Biden-Harris administration proposes first-of-its-kind heat protections for workers

Biden-Harris administration proposes first-of-its-kind heat protections for workers

A worker uses a towel for protection from the sun while working in temperatures above 90F (32C) at a building construction site, Thursday, June 20, 2024, in Boston. (AP Photo/Steven Senne)

By Casey Harrison

July 2, 2024

The proposal comes weeks after an intense heat wave enveloped much of the southwest, including Southern Nevada, where temperatures in June approached 110 degrees Fahrenheit

A new rule proposed by the Biden-Harris administration on Tuesday would require employers to protect workers from heat illness — a first-of-its-kind move if finalized that was celebrated by Nevada political leaders and labor groups. 

The rule from the Occupational Safety and Health Administration (OSHA) could add protections for approximately 35 million workers nationwide, according to federal officials. OSHA officials have reportedly worked on crafting the new regulation for more than two years at the urging of public health and climate advocates. 

“The purpose of this rule is simple: It is to significantly reduce the number of work-related deaths, injuries, and illnesses suffered by workers who are exposed to excessive heat and exposed to these risks while simply doing their jobs,” a Biden administration official said during a press call Tuesday. 

Under the proposed rule, OSHA would adopt two heat index thresholds that would factor in heat index and humidity. The first one, at 80 degrees, would instruct employers to provide drinking water and break areas for worker use as needed. At 90 degrees, more protections would be triggered, including calling for employers to monitor workers for signs of heat illness, as well as mandatory 15-minute breaks every two hours. 

“In Nevada, we know how dangerous working in the heat can be without adequate water and rest,” US Sen. Catherine Cortez Masto said in a post to X, formerly Twitter. “That’s why I’m glad the Biden Admin is listening to our calls and taking action today with a new @USDOL rule that ensures employers are protecting their workers from extreme heat.”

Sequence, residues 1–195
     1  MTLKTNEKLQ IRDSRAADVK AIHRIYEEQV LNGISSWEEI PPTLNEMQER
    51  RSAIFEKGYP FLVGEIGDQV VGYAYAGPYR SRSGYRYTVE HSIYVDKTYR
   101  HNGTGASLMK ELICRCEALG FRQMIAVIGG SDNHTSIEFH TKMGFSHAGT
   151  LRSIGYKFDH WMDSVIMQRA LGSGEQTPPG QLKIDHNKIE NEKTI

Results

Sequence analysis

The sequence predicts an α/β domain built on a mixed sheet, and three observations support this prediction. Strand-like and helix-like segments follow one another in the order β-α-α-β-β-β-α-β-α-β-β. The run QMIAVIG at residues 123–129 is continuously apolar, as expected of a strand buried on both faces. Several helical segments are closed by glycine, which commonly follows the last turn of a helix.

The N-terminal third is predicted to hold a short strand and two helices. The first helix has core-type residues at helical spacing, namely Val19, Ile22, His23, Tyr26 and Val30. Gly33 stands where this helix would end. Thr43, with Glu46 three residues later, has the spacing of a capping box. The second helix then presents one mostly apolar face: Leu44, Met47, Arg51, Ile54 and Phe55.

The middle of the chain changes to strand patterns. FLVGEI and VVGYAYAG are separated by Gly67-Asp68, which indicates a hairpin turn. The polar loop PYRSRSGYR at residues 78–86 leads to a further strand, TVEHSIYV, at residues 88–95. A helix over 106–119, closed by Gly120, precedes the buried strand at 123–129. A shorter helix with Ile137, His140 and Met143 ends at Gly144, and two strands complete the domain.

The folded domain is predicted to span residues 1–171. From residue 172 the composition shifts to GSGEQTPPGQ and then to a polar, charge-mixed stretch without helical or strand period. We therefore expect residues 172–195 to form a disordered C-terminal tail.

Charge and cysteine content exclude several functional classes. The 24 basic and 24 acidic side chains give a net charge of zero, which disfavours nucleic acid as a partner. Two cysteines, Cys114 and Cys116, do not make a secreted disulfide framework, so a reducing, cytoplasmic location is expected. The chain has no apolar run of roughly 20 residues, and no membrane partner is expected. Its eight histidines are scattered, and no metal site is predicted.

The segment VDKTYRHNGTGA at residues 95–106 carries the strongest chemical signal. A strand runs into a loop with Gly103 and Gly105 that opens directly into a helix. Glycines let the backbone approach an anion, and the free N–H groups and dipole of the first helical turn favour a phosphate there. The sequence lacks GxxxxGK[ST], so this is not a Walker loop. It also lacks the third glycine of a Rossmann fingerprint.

The proposal comes weeks after an intense heat wave enveloped much of the southwest, including Southern Nevada, where temperatures in June approached 110 degrees Fahrenheit. State lawmakers in Nevada in 2023 tried to pass legislation imposing worker restrictions during heat advisories — but that effort stalled after pushback from industry groups and, ultimately, because lawmakers failed to come to a consensus.

Labor groups by and large supported Tuesday’s news. In one post on X, the United Farm Workers union said it welcomed the creation of a federal heat safety standard. 

“This common-sense & life-saving rule proposed by @OSHA-DOL will, once effective, protect the health and lives of farmworkers who have no choice but to work during dangerous temps,” the union posted. “This federal rule has been a long-time priority for the farm worker movement and is the result of decades of advocacy by farm workers, often in the wake of immense tragedies including farm worker deaths.” 

The Washington Post reported statistics from the Bureau of Labor statistics, which found from 1992-2019, there were an average of 32 heat-related workplace deaths per year. There were 36 in 2021 and 43 in 2022. 

In a separate post to X, the International Brotherhood of Electrical Workers thanked the Biden-Harris administration for “stepping up and taking action,” while the United Steelworkers union lauded the decision: “Today’s proposed standard provides groundbreaking protections for workers exposed to extreme heat on the job. Thanks to the Biden administration and @OSHA_DOL for once again delivering for our workers.” 

  • Casey Harrison

    Casey Harrison is political correspondent for The Nevadan. Previously, he covered politics and the Oakland Athletics' relocation to Southern Nevada for the Las Vegas Sun, and before that, was a digital producer at The Detroit News. Casey graduated from Michigan State University in 2019.

CATEGORIES: CLIMATE
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